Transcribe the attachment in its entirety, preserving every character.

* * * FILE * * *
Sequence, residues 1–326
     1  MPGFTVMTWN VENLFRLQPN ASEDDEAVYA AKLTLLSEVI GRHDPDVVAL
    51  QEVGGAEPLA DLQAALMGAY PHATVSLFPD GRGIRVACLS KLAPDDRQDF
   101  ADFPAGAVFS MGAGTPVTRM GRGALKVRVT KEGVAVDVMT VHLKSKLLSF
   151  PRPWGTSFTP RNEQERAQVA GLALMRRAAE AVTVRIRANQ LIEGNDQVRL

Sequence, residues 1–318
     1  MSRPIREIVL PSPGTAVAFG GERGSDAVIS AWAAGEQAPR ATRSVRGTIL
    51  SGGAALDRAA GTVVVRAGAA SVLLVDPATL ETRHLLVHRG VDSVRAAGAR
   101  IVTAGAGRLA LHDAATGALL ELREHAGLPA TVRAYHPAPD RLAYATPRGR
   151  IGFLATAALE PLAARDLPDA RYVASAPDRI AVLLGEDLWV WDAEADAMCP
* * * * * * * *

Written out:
Sequence, residues 1–326
     1  MPGFTVMTWN VENLFRLQPN ASEDDEAVYA AKLTLLSEVI GRHDPDVVAL
    51  QEVGGAEPLA DLQAALMGAY PHATVSLFPD GRGIRVACLS KLAPDDRQDF
   101  ADFPAGAVFS MGAGTPVTRM GRGALKVRVT KEGVAVDVMT VHLKSKLLSF
   151  PRPWGTSFTP RNEQERAQVA GLALMRRAAE AVTVRIRANQ LIEGNDQVRL

Sequence, residues 1–318
     1  MSRPIREIVL PSPGTAVAFG GERGSDAVIS AWAAGEQAPR ATRSVRGTIL
    51  SGGAALDRAA GTVVVRAGAA SVLLVDPATL ETRHLLVHRG VDSVRAAGAR
   101  IVTAGAGRLA LHDAATGALL ELREHAGLPA TVRAYHPAPD RLAYATPRGR
   151  IGFLATAALE PLAARDLPDA RYVASAPDRI AVLLGEDLWV WDAEADAMCP